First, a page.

Setting up Eleventy

First things first: let’s get Eleventy running the local build. We start by installing it:

npm i @11ty/eleventy --dev

Then, let’s create the simplest template for our static Eleventy page. We’ll write it using Liquid, but since it’s so simple, it won’t take advantage of any useful templating tags for now. Let’s call it index.liquid:


That’s it, we’re ready to build and serve! Run:

npx @11ty/eleventy --serve
[11ty] Writing _site/index.html from ./src/index.liquid
[11ty] Serverless: 3 files bundled to ./serverless/edge.
[11ty] Wrote 1 file in 0.12 seconds (v2.0.0)
[11ty] Watching…
[11ty] Server at http://localhost:8080/

Visit http://localhost:8080/ in your browser at this point, and you should see the “Hello” heading we’ve created above. Neat!

Setting up the Eleventy Serverless plugin

The Serverless plugin is bundled with Eleventy and doesn’t require you to npm install anything. We do need to configure it, though. To do that, we need to create an Eleventy config file:

// .eleventy.js
const { EleventyServerlessBundlerPlugin } = require("@11ty/eleventy");

module.exports = function(eleventyConfig) {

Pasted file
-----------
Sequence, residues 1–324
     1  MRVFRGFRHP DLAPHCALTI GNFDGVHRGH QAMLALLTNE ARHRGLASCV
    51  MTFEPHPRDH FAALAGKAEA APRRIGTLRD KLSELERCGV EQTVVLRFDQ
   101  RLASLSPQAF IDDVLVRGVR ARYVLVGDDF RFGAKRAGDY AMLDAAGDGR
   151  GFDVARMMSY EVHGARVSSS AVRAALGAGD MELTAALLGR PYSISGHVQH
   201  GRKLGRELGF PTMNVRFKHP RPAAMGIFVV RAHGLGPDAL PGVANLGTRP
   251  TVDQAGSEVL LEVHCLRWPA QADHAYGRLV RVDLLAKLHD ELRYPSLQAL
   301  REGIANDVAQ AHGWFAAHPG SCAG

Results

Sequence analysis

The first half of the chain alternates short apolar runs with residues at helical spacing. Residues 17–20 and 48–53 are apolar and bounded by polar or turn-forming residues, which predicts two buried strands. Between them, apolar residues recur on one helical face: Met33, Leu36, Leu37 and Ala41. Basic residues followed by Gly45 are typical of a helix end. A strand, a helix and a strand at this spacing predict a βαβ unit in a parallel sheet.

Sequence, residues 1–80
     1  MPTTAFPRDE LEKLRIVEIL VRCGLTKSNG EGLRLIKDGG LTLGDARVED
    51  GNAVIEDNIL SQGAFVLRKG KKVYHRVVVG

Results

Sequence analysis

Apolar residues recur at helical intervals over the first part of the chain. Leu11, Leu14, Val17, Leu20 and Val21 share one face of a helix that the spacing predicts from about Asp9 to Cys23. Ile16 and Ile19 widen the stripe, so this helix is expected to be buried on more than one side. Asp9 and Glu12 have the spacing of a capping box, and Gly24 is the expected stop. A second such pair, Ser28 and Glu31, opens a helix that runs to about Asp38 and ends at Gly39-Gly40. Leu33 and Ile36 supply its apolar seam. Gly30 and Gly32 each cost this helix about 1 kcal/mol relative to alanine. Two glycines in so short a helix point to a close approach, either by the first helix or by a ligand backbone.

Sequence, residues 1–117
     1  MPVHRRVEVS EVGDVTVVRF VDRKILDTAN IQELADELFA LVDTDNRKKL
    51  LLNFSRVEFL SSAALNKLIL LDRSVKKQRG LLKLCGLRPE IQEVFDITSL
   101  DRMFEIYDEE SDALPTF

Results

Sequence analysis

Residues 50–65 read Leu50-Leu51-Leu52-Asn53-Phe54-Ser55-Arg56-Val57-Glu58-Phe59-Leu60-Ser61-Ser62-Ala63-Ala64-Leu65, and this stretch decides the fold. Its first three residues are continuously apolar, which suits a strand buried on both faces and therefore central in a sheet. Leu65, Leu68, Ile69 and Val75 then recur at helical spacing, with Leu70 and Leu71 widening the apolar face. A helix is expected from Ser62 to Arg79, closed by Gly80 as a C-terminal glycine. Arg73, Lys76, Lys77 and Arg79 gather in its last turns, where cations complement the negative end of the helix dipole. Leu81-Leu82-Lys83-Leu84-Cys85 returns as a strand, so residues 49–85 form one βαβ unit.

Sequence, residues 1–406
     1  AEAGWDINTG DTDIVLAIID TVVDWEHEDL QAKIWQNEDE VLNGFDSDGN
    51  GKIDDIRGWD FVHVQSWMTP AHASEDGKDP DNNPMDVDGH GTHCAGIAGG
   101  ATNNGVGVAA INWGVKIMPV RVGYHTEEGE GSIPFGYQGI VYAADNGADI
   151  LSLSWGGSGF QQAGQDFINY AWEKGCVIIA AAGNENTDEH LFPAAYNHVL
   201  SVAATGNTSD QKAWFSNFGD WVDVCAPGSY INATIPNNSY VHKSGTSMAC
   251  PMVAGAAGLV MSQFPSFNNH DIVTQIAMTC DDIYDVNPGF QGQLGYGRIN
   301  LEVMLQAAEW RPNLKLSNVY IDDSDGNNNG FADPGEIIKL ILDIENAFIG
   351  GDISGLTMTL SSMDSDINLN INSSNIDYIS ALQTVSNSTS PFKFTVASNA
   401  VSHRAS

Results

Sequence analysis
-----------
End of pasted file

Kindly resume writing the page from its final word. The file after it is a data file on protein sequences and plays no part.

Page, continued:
eleventyConfig.addPlugin(EleventyServerlessBundlerPlugin, {
    name: "edge",
    functionsDir: "./serverless/",
    redirects: false,

  return {
    dir: {
      input: 'src',

Let’s break the plugin configuration down:

  • Each plugin’s unique name will determine the build output directory name and will be required when assigning permalinks. You can also instantiate multiple plugins to have different functions handle different pages.

  • The functionsDir allows you to specify the path to the build output-dir; in our case, the plugin will generate files in the ./serverless/edge directory relative to the app root.

  • redirects configure how Netlify redirects should be handled — since we’re not running on Netlify, we set this to false to skip generating a netlify.toml file.

  • Lastly, in the configuration object we return to Eleventy, we specify an input dir for our content to keep things tidy. We’ll also go ahead and move the index.liquid file we created earlier in the src directory.